Beddington Park

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Beddington Park is a public park in the United Kingdom which straddles Beddington and Wallington. Walking distance from Wrythe and site of various events of interest to the history of the Carshalton Nations, the park is classed as a heritage site by the Austenasian Ministry for Culture.


The site of Beddington Park was just south-west of a Roman villa, partially excavated in the 20th century, with a stone coffin discovered in 1930. Beddington Park itself originated as a deer park in the 14th century for the noble Carew family, whose manor house still stands in the park today, next to the parish church of St. Mary's Beddington. They sold the property to the local vicar, Canon Bridges, in the 1850s to pay off gambling debts; the park was bought from his descendants by the local council, and officially opened to the public on 27 June 1925. Parts of the park were used as allotments during the Second World War.

The first notable event connecting Beddington Park in some way to Austenasia took place on 3 February 2009, while local schools were closed following the Great Snow of 2009. A group of six students led by the then Crown Prince Jonathan and consisting primarily of knights and honorary subjects of Austenasia came under attack from a group of British teenagers, and fought them off in an incident remembered as the Skirmish of Beddington Park.

Over the following few years, the park became one of several meeting places for the large social group the core of which formed the nation of Orly. Due to Copan itself being unsuitable due to flooding, Beddington Park was therefore used for the site of the coronation of Queen Emma I of Copan by Emperor Jonathan I on 2 April 2014.

Beddington Park was also frequently visited by the family of Princess Hannah of Wildflower Meadows, who lived close to the park prior to moving in 2019. After the death of their pet dog Cleo - who also served as the first Honorary Mascot of the Order of the Bullmastiff - her ashes were scattered in the park on 26 February 2022.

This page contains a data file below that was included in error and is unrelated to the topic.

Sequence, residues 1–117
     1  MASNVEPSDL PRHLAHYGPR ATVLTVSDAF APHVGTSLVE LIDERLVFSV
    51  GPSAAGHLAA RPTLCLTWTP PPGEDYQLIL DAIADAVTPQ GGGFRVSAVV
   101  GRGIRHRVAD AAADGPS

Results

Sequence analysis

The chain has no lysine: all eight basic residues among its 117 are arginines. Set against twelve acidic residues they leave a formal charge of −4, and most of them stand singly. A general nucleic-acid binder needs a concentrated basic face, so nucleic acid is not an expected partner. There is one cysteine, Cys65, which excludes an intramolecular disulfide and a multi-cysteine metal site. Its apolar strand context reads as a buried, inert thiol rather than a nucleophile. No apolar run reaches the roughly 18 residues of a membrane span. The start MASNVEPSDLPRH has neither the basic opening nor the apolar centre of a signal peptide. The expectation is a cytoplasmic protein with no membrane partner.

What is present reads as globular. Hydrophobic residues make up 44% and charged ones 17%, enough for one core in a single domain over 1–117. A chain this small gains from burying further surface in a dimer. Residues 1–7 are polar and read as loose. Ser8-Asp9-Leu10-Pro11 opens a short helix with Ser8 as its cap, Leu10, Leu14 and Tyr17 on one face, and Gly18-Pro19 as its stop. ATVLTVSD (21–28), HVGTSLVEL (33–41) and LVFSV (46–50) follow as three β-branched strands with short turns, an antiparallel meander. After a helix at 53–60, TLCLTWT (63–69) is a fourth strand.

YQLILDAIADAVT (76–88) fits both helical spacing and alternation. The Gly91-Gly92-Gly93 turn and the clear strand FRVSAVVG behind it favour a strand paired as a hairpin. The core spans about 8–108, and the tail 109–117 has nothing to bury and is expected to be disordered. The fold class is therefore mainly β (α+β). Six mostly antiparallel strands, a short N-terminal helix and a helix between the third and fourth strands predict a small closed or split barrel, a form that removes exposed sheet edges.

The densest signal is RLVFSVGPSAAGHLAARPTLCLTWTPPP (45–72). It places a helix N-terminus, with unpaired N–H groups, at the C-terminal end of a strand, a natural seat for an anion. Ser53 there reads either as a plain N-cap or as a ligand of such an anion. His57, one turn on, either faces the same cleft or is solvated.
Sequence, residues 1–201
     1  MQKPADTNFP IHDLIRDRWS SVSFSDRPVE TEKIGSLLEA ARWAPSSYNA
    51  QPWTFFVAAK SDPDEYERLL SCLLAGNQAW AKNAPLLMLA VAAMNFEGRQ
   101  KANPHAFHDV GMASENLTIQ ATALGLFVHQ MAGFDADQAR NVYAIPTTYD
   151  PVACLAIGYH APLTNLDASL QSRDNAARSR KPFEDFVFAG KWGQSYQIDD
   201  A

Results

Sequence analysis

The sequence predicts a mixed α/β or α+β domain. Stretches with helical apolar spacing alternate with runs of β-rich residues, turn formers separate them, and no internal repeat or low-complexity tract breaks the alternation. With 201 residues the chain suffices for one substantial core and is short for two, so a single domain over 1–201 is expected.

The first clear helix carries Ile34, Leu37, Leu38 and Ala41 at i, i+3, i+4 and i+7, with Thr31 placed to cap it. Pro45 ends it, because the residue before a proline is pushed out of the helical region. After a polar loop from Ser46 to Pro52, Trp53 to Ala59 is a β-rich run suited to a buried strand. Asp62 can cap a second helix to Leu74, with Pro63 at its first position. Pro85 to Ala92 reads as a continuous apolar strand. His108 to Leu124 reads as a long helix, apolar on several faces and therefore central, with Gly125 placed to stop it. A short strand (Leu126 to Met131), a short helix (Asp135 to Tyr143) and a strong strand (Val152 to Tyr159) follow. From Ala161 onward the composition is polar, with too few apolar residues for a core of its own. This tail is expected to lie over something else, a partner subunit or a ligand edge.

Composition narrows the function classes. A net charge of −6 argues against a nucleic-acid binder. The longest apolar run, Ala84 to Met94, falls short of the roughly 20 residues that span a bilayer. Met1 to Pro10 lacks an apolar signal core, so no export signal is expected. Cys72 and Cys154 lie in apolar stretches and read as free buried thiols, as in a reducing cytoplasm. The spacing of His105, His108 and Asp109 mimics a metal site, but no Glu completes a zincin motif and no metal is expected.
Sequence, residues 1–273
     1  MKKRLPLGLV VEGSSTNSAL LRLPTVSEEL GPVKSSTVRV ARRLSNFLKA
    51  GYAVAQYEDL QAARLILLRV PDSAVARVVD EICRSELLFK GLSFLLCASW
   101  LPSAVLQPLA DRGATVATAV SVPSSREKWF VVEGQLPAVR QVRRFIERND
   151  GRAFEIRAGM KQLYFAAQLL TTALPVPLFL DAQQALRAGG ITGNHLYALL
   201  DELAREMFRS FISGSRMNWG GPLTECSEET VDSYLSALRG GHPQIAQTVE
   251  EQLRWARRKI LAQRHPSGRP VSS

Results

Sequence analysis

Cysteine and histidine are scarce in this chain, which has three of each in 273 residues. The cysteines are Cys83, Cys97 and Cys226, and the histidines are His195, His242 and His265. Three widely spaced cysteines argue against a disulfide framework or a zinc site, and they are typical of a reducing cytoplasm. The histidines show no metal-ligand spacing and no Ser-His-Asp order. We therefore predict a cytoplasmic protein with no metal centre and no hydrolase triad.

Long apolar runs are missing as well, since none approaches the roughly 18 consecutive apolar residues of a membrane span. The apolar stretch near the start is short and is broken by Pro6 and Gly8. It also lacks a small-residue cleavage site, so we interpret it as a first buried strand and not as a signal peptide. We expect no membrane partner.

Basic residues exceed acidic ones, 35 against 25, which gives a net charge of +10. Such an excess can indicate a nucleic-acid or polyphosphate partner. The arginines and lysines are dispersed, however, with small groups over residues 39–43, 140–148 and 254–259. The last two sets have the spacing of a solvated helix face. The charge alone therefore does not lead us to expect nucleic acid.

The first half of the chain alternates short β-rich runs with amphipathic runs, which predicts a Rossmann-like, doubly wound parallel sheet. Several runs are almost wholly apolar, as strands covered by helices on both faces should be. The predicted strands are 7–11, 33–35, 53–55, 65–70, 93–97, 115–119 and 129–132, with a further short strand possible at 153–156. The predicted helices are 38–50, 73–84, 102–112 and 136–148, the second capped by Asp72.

The parish church of St. Mary the Virgin, which is located towards the south-east of the park, saw the Anglican wedding of Jonathan I and Princess Hannah on 5 November 2022. The situation of the church meant that those attending the service had to travel through at least part of the park to get to the wedding.


Beddington Park measures 58 hectares, and is roughly square-shaped. It is bisected by the River Wandle flowing east to west, with Forestedge and then Wandleside farther upstream. North of the river, the park is primarily open grassland, bordered by wooded areas to the north, east, and west. A café - the Pavilion - is situated to the north-east of this area, and east of the café are areas for football, cricket, and skateboarding.

South of the river, the park is slightly more wooded, albeit still with plenty of wide open grassy areas. Towards the east of this area is Carew Manor, the manor house of the park's founders, which now serves as a school. Nearby is a large Dovecote, built in the first half of the eighteenth century, which was an outbuilding of the manor and is a Grade II* listed building. Next to the manor house is the - also Grade II* listed - 14th-century flint church of St. Mary the Virgin, the local Anglican parish church.

As the Wandle flows through the park, it veers towards the south, culminating in a large pond in the south-west of the park from which a culvert pipes the water under the adjoining road and out of the park to continue the flow of the river. To the north of this pond is The Grange, a restaurant situated on the edge of the park with gardens which gradually merge into it, and to the east is the Wet Meadow, a protected area with environmentally significant species of rare plant and insect.

Three bridges cross the Wandle as it flows through the park. Following the river as it flows east to west, the first is a small tarmacked bridge north of the Dovecote, which can be used by vehicles to access the Pavilion. It is possible to get underneath this bridge - water levels permitting - due to brick platforms lining the bank here, and so teenagers sometimes meet under the bridge. The second bridge is named Canon Bridges Bridge after the clergyman who bought the park in the 1850s, due to being commissioned by him, and has an ornate terracotta and brick design. The third is quite small and non-descript, installed in modern times to prevent visitors to the park having to walk too far to cross the river. The fourth is a bridge made of flint, perhaps also built by Canon Bridges. The fifth is a larger bridge spanning the pond, connecting the gardens of The Grange to a path leading out of the park to the south.